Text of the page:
Welcome to the 7th Cheltenham Illustration Awards!
The award winning graphic novelist Posy Simmonds , author of Tamara Drewe and Gemma Bovery, has kindly agreed to judge this year's competition! Entry fee is £13 per project, and may be sent via WeTransfer or on disk by post. Details on application forms. Winners will be exhibited in October as part of the Times Cheltenham Literature Festival and in association with the Holst Birthplace Museum, and published in a full colour Annual. Prizes of cash and an Apple computer will be awarded - for full details and application forms please click the link above and/or visit the info page.
The brief for 2013: During the period 1914-1916 Cheltenham-born Gustav Holst (1874-1934) composed The Planets, a seven-piece orchestral suite. Holst called his symphony 'a series of mood pictures'.
Your entry to this year's Cheltenham Illustration Awards should be a personal visual response initiated by this arguably the best-known, best-loved and first Modernist piece of British classical music. Holst imbued each planet with characteristics which were representative of the human life cycle, from youth to old age, beginning with Mars, energetic and bombastic, ending with esoteric Neptune, alone, facing the mystical unknown.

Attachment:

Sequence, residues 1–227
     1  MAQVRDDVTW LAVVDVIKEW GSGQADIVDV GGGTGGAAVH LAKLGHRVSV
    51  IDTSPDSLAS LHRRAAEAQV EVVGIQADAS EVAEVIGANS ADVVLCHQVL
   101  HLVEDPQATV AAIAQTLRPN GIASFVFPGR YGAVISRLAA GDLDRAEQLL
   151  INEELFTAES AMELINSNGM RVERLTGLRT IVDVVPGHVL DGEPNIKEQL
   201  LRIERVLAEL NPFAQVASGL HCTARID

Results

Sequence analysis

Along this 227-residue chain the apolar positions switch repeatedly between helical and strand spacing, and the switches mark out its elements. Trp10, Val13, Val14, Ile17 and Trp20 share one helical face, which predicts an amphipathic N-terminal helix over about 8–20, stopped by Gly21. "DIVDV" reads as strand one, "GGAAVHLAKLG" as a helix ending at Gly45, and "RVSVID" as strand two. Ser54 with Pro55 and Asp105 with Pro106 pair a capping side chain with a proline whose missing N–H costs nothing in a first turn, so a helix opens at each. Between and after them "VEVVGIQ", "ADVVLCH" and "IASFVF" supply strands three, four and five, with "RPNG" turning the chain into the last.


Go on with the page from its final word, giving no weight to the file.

We wish you to also apply the theme of 'Memory' (the theme to the Times Cheltenham Literature Festival 2013) to your response and avoid the obvious interpretations of Roman Gods, astrology etc. Instead, as this is a competition focusing on narrative illustration, your entry may be drawn from your own memory, experience or your own invented fictional response. November 2013 marks the 100th anniversary of the publication of the first volume of Marcel Proust's Remembrance of Things Past, and as we are also approaching the centenary of the start of the First World War in 2014, it is an especially apt time to consider the fundamental role memory plays in underpinning our lives, our wider culture, our interpretation of the past and our shaping of the future. Memory is to a very significant extent an active creative process of recreation rather than simply information retrieval. With narrative and metaphor at its heart, it¹s remarkably close to fiction writing, and a theme which is fertile ground to explore, with wide-ranging implications for autobiography and memoir, poetry, history and of course fiction.
The Times Cheltenham Literature Festival runs from 4th-13th October 2013 www.cheltenhamfestivals.com
Illustration byHenry Boon